Articles on this Page
- 03/07/13--11:18: _Watch Sweet Baboo's...
- 03/07/13--11:30: _Staking a Place Onl...
- 03/07/13--13:10: _#TBT: Rihanna's PAP...
- 03/07/13--13:35: _Internet History, I...
- 03/07/13--14:00: _Chatting with Our F...
- 03/07/13--14:39: _The New Hangover Tr...
- 03/08/13--06:00: _'70s Fashions Have ...
- 03/08/13--09:00: _Cosmic Kids Blast O...
- 03/08/13--10:30: _Meet Rising Bushwic...
- 03/08/13--10:46: _This New Gay Web Se...
- 03/08/13--12:15: _The Family Walks --...
- 03/08/13--13:03: _Let Kendrick Soundt...
- 03/27/13--13:30: _Mr. Mickey Answers ...
- 03/08/13--14:00: _The Best, Worst and...
- 03/08/13--14:06: _Why is Topanga on t...
- 03/08/13--14:30: _Nicki Minaj and Fre...
- 03/12/13--07:30: _Scumbag Steve Met G...
- 03/12/13--11:00: _Some Advice for Jus...
- 03/12/13--11:45: _Coming Soon: Outdoo...
- 03/12/13--12:15: _Why Paul Anka Can H...
- 03/07/13--11:18: Watch Sweet Baboo's Sweet "If I Died..."
- 03/07/13--11:30: Staking a Place Online Takes Killer Instincts.
- 03/07/13--13:10: #TBT: Rihanna's PAPER Interview Pre-Chris Brown
- 03/07/13--13:35: Internet History, Irish Goth and Fried Rice
- 03/07/13--14:00: Chatting with Our Favorite Art Freak Jaimie Warren
- 03/07/13--14:39: The New Hangover Trailer Is Exactly What You'd Expect
- 03/08/13--06:00: '70s Fashions Have Come for Mad Men
- 03/08/13--09:00: Cosmic Kids Blast Off at L.A.'s SPiN Standard
- 03/08/13--10:30: Meet Rising Bushwick Designer BCALLA
- 03/08/13--10:46: This New Gay Web Series Is Weird But We're Enthralled
- 03/08/13--12:15: The Family Walks -- No, Dances -- on Water
- 03/08/13--13:03: Let Kendrick Soundtrack Your First SXSW
- 03/27/13--13:30: Mr. Mickey Answers All Your Burning Questions
- 03/08/13--14:00: The Best, Worst and Weirdest of the Week
- 03/08/13--14:06: Why is Topanga on the Cover of Maxim?
- 03/08/13--14:30: Nicki Minaj and French Montana Get Their Freak On
- 03/12/13--07:30: Scumbag Steve Met Grumpy Cat at SXSW
- 03/12/13--11:00: Some Advice for Justin Bieber During His Breakdown
- 03/12/13--11:45: Coming Soon: Outdoorsman's Emporium Best Made Co.
- 03/12/13--12:15: Why Paul Anka Can Help Bieber Avoid a Meltdown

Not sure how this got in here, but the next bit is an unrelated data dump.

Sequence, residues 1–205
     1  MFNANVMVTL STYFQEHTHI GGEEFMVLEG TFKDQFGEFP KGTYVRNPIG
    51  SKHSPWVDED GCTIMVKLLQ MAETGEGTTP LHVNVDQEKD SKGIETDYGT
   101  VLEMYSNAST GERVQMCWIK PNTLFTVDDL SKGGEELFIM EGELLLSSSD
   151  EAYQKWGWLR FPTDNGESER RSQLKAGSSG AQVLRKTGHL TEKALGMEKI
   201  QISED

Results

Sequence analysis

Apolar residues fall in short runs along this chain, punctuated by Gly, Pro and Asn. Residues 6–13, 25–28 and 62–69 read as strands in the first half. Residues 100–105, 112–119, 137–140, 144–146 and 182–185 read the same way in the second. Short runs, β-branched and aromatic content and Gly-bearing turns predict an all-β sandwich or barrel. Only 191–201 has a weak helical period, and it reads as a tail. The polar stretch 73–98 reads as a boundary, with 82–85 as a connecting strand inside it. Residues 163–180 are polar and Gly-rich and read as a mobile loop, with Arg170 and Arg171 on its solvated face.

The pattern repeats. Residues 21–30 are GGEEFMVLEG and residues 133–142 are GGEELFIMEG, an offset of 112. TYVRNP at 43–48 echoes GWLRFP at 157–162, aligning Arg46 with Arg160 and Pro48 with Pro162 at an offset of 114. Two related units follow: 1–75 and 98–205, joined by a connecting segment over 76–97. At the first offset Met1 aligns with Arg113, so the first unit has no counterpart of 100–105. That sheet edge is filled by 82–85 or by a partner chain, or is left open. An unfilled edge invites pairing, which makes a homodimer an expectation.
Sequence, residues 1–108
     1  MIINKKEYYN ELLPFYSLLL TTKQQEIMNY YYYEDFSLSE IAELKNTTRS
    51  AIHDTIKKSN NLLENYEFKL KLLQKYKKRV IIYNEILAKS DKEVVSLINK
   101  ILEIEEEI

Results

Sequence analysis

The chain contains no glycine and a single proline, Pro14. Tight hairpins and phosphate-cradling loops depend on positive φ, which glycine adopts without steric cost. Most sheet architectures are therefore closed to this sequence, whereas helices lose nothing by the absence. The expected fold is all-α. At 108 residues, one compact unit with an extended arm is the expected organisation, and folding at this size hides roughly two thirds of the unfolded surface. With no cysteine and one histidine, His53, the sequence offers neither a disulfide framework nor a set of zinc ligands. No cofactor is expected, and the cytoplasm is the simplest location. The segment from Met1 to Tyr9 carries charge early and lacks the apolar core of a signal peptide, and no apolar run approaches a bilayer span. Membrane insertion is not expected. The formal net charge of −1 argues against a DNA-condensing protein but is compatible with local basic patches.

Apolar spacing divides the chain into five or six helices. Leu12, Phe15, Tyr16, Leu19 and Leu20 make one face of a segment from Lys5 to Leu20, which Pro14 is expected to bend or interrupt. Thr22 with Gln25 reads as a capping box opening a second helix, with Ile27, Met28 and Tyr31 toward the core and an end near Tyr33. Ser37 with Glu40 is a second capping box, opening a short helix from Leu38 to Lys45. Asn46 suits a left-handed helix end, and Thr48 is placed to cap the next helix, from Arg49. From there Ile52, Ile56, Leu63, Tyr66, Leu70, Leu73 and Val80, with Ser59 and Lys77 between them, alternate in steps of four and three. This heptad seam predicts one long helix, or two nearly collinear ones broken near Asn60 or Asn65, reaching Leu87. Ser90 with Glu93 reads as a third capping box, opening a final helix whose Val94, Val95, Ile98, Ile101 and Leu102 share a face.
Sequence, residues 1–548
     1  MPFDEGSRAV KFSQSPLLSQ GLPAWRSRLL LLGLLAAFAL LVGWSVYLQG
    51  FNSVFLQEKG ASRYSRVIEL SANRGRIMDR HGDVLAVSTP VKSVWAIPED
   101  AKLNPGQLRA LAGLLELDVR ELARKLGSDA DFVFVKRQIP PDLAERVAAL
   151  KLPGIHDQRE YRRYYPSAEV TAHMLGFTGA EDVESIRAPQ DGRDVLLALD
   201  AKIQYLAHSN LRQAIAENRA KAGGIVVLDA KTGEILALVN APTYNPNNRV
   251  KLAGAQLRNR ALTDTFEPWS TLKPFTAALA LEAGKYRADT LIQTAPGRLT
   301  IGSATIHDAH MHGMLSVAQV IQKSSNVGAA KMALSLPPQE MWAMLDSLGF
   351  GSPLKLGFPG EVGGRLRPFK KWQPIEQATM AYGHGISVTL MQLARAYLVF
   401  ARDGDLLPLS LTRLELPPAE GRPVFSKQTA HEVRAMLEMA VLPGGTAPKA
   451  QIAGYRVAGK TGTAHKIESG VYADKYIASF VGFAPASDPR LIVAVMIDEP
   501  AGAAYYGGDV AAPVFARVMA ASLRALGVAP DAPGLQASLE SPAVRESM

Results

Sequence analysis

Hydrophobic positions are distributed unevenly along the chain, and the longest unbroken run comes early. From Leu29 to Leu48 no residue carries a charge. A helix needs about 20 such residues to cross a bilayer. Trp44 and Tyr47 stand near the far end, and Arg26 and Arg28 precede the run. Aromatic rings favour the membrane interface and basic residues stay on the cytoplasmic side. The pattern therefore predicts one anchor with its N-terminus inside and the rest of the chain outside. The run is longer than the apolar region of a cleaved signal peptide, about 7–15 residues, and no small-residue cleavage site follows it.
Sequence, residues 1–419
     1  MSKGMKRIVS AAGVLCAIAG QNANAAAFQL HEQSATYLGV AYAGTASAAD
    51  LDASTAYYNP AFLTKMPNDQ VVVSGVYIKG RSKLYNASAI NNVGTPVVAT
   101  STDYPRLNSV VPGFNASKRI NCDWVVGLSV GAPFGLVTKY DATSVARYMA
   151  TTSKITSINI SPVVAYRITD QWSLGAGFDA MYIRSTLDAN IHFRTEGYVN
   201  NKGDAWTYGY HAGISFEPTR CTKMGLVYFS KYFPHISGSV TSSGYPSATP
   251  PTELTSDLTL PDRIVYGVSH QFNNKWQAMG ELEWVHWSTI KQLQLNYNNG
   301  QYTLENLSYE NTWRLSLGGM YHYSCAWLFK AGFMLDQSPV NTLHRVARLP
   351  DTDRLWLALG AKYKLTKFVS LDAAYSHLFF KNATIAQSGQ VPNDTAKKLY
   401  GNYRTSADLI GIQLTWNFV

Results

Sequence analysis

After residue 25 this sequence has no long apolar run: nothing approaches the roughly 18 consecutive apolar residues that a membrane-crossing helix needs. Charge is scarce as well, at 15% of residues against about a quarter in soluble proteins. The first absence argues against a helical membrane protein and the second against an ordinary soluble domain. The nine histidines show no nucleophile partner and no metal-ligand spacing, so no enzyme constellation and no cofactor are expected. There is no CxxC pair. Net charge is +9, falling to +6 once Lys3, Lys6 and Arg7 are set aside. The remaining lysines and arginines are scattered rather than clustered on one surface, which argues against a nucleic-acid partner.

Wales's Stephen Black, a.k.a. Sweet Baboo, puts his heart and his influences on his sleeve in this new video for "If I Died...," where Black's Wizard of Oz-like disembodied head floats after a love interest who's more interested in examining Daniel Johnston records. The twee (after all, the stage name comes from Peanuts) melancholy is balanced by self-aware humor and, more important, snappy drums and horns.
Sweet Baboo's fourth album and first North American release, Ships, comes out April 23 on Moshi Moshi records.
Publishing on the Internet is like trying to win the Hunger Games. (Watch out, there's a killer app out to get you!) It's survival of the fittest in a world with no rules, where everyone is vying for approval from the same audience. With the playing field leveled, a 16-year-old with a computer, a stupid pet trick on YouTube and Kanye West's latest Twitter blatherings all compete for the valuable eyeball.
OK, I'm exaggerating. Online media may not be as cutthroat as that and no one is asking us to sacrifice our children to maintain world peace -- or are they? -- but it's nonetheless treacherous and ungodly. What's most annoying is that it's a platform that is constantly shifting -- resting on one's laurels is equivalent to living on the San Andreas Fault and rejecting the inevitability of an earthquake.
What makes it even more frustrating is that conceiving, designing and developing a website is inherently a losing battle. No sooner have you come up with that perfect something that incorporates all the latest technology (widgets that make sharing as easy as...well, pressing a button, a gorgeous design that enables us to show off our beautiful photography and original content, bells and whistles meant to put us in the forefront of web publishing) than kaboom! Something else comes up, some must-have game changer that's taking the Internet by storm. (Has anyone heard of Vine?) So be it. Having been in this "space" since the beginning, I've come to view each emerging craze with skepticism, knowing that it will inevitably be replaced by another. Instead of keeping up with the Jobses, I fall back on the tried and true. Old-fashioned as it may be, good original content is what lasts after the GIFs have stopped moving and all the cats and babies have gone to sleep.